Letter to the Editor | Time to review Roe v. Wade

Letter to the Editor | Time to review Roe v. Wade

Much has been made of the Supreme Court's 1973 "Roe vs. Wade" abortion rights ruling as being "the law of the land."

How is that? Nowhere in the U.S. Constitution is such a right declared. Oh wait, the U.S. Supreme Court ruled our Constitution's 14th Amendment says so.

Really? A lot of constitutional scholars disagree. Here's the reasoning:

Article VI mandates only the Constitution as the supreme law of the land, and acts of Congress authorized by it. And Article III says the high court can only hear cases "arising under this Constitution."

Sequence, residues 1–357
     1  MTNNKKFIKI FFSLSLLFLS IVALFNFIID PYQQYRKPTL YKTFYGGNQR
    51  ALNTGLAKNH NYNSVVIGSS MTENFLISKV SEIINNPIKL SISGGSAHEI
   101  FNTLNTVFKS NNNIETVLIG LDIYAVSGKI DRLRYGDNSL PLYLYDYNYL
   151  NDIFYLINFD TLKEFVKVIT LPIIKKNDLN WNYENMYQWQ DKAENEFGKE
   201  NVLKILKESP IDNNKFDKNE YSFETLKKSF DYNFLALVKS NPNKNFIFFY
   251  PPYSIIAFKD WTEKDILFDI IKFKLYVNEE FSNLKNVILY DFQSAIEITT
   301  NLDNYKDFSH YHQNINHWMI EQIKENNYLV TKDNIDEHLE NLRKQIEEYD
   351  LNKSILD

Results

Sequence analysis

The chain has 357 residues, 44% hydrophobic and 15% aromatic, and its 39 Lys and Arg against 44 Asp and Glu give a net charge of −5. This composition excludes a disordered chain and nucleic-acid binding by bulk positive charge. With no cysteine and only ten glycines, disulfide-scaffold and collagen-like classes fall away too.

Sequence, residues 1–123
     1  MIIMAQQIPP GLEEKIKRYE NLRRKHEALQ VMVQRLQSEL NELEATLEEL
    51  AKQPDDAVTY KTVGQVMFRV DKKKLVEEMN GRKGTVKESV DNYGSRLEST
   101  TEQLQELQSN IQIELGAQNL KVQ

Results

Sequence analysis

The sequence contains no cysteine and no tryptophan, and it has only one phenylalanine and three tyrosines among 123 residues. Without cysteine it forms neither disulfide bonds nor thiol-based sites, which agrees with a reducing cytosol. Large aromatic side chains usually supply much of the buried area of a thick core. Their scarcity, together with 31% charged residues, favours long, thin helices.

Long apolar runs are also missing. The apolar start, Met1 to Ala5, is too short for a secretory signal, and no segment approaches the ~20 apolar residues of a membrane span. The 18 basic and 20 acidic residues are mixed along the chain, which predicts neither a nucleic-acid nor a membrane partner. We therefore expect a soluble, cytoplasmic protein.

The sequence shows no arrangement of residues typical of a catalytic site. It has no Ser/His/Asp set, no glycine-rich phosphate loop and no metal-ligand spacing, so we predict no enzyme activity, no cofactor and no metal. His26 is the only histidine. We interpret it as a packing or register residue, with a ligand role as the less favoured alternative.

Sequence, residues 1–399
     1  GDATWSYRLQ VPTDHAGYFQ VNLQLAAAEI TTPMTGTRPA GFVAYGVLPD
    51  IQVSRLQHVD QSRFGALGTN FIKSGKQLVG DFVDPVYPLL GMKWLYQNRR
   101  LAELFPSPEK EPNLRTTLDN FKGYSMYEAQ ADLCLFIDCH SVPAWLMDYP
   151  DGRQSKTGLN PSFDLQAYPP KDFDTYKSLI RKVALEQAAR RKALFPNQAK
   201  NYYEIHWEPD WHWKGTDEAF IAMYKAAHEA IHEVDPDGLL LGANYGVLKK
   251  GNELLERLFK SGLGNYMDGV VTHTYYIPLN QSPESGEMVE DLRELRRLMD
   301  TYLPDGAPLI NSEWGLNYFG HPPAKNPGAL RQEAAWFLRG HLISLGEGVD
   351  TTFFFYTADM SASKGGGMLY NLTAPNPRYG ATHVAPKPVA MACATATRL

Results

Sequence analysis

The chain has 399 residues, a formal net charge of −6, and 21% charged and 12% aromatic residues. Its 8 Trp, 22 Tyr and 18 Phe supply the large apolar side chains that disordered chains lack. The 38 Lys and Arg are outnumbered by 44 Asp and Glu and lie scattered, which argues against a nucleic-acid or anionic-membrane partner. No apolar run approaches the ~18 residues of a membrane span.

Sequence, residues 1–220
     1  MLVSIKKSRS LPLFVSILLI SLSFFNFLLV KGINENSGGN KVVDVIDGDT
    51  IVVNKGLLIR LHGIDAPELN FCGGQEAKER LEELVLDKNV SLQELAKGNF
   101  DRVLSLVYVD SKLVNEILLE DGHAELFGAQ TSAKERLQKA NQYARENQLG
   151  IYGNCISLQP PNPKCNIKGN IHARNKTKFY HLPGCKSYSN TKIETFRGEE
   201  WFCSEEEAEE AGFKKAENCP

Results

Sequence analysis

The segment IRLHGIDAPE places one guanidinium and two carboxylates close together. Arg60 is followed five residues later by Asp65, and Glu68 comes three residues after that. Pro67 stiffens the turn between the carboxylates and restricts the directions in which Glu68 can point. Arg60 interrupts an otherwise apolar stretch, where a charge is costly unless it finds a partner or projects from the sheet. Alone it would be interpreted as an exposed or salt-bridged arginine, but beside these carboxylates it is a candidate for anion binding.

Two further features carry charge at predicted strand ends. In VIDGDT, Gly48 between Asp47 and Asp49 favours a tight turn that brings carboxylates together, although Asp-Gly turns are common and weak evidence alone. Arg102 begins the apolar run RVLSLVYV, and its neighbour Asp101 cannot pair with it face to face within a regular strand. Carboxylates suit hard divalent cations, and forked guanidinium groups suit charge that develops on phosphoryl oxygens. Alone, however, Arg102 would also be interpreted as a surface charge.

Since there was only a confusion of state law at the time, which Congress was unable to remedy, it was left to the Supreme Court to bring order to the chaos. But there needed to be a constitutional basis.

None existed, so it had to be created. Which the justices did by going to the 14th Amendment and redefining "liberty" in the due process clause to include "privacy." It was a tortured solution, but that's what they did.

Without that change, there would be no "arising," no authority to hear the case.

Another problem was, the 14th Amendment was intended solely to prohibit states from violating freed slaves' rights to "life, liberty or property." It had nothing to do with privacy or abortion.

Clearly, to procure a ruling favorable to abortion, the court had to change the definition of "liberty" and the original intent of the 14th Amendment. They made new law.

They can't do that. But they did, and everybody yawned. A correction is long overdue.